If you are a person struggling in the throes of divorce (or any other of life’s struggles for that matter), I want to encourage you to remember this central and powerful teaching of Christ:  

that no matter what your struggle, God is with you, and cares for you, and will help you, guide you, and yes dear talk show hosts, even speak to you! There is nothing that you can encounter in life that you have to face alone.  You can invite Christ to be part of your life, and walk through life’s toughest journeys with God at your side.  Even if nobody else understands, you will know that you have been in the presence of God.

Tuesday, July 3, 2018

Slave to a Better Master


Tomorrow, in the United States, is July 4, and we celebrate Independence Day, remembering the date when our founding fathers decided it was time to rebel against Great Britain and form a new nation.  It took several years for that declaration to become reality as they fought against the British soldiers in a variety of skirmishes, and then had to come to agreement about how the new nation would be constructed. Nevertheless, it is the day the Declaration of Independence was signed that we remember and celebrate.

Many people seek independence in lots of ways.  I think that, no matter how independent we may think we are, the truth is we are far more dependent and inter-dependent than most of us would want to admit.  We rely on others to manufacture vehicles and provide gasoline so we can move from one place to another.  We rely on others to make medicines to help us when we become ill. We rely on others to provide clean water to our homes, along with electricity and natural gas to light and heat our homes.  That list could go on forever, for we really are not as independent as we might like to believe.  

In Romans 6, the assertion is made that none of us is actually independent at all, for we are all either slaves of sin or slaves of righteousness, depending on whether or not we are pursuing God’s ways in our lives or ignoring them.  A lot of people like to pretend this isn’t true…but challenge someone to live a single day without a single sin….it will become quickly clear that they are not able to do so.  It might be a small sin that day, but it will not be the perfection of God they experience on their own.

In seeking independence, though, people pursue many different avenues to get there.  Some seek to throw off any constraints on their behaviors, reject the norms and rules of others and declare themselves “independent”…often to their own hurt. Others declare independence when they reach adulthood, and move out of their parents’ home to establish a home of their own, fending for themselves as they venture out into a new life.  That tends to be a pretty good thing, it seems to me…although sometimes it is done in a very high-handed and angry manner. Still others decide they can no longer handle the ties of their marriage, and run to divorce court seeking their independence.  Interestingly enough, that isn’t what they always find is the result of pursuing divorce.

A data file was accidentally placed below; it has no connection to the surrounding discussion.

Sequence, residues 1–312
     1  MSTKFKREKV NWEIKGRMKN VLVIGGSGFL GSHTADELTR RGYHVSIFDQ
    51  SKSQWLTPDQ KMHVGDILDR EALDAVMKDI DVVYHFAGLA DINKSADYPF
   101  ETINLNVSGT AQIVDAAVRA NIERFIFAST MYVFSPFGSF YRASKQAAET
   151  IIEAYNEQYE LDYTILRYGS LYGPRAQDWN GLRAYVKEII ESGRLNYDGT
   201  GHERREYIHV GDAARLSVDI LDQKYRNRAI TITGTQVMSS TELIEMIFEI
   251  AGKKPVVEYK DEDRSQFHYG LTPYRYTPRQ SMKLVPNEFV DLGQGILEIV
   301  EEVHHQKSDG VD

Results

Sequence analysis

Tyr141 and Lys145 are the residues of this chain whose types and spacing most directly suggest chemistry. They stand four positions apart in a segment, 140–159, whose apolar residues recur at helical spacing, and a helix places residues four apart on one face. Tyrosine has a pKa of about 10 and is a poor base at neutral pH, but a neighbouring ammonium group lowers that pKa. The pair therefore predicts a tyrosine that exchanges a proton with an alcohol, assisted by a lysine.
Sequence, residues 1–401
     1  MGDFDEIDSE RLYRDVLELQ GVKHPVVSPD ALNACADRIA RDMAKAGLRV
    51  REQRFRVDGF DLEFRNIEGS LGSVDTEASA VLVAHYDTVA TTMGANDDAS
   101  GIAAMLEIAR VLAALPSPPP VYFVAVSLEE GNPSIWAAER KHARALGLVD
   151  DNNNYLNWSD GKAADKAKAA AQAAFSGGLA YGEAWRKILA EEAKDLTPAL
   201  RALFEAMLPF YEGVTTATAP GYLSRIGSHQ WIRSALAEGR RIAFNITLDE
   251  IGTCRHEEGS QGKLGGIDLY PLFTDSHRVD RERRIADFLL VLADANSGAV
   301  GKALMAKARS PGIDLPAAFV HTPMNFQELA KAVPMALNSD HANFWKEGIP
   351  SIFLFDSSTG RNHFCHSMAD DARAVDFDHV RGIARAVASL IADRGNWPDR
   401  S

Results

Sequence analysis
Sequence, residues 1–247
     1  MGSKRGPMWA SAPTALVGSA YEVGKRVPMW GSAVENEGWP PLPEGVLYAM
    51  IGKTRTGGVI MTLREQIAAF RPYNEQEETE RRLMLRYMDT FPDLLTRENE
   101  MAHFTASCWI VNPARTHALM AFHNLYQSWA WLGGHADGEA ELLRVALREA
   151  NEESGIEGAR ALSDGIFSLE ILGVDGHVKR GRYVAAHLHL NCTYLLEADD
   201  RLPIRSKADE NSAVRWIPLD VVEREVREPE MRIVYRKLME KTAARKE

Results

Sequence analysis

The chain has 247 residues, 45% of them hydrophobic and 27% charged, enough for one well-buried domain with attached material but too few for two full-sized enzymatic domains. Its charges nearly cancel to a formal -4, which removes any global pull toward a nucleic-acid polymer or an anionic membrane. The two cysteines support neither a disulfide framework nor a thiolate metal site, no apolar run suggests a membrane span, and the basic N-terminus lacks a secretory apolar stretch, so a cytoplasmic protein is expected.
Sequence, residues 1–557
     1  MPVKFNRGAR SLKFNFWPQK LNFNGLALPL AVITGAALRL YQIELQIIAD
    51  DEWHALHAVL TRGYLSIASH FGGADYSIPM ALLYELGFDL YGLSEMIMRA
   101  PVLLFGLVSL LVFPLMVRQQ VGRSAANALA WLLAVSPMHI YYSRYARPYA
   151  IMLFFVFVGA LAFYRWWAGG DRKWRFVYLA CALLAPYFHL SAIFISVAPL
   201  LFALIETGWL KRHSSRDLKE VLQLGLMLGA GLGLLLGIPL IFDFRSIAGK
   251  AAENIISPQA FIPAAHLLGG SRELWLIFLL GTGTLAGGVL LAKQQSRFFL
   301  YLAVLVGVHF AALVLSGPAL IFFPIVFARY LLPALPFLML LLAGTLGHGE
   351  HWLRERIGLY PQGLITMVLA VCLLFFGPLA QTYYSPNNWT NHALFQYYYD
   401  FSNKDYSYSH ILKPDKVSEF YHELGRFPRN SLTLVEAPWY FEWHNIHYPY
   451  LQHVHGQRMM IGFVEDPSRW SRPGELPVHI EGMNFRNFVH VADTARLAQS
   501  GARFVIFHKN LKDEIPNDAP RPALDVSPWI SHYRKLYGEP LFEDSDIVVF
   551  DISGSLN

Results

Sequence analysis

Of course, it truly depends on the circumstances.   For instance, there is the person who has suffered years of abuse, and been stifled from being able to be the person they were meant to be because of a domineering and controlling spouse (which can be the husband OR the wife, by the way).  Such a person may well experience the divorce as a liberation into the freedom to be the person they truly are meant to be, and to experience a meaningful and positive life rather than the repression they have suffered.  But a person whose experience of marriage has been shared responsibility in the ongoing tasks of life may well find that their so-called independence has instead become a very burdensome life dominated by overwhelming tasks that once were cared for by their spouse.

When children are involved, so-called independence from a spouse can become instead an entangled nightmare of waiting for or trying to raise child-support, figuring out holiday schedules that are not convenient for anyone, and lop-sided parenting with children receiving very different perspectives on what the divorce means and what appropriate values in life are. Sometimes, the individual trying to manage to pay child support can find themselves struggling to meet their own daily bills to survive.  Far from being the wonderful independence imagined, life becomes extremely complicated and frustrating.  Sometimes it would be wise for those seeking independence through divorce to take time to visit with someone who has gone through it, so that they base their decision on reality, not on a fantasy notion of what independence from their spouse would be like.

My point is, sometimes “independence” isn’t really all we are led to believe it is.  There certainly is great good in the idea, as I certainly have no desire to live in a country run by a capricious dictator.  However, it seems to me that the most fulfilling of lives is not found in demanding some kind of independence, but in learning, as Paul said in Romans, how to be slave to a better master than self-centeredness and sin.  God’s slaves, or servants, end up pursuing the kind of life for which they were designed by their Creator, and thus find a kind of fulfillment that can be found nowhere else.  Dependence isn’t such a bad thing, when you dependent on Someone whose goal is to make sure you have the best possible life you could ever have, and who has promised to meet every need you would ever face.  
By the way, my fellow Americans, early wishes for a Happy Independence Day!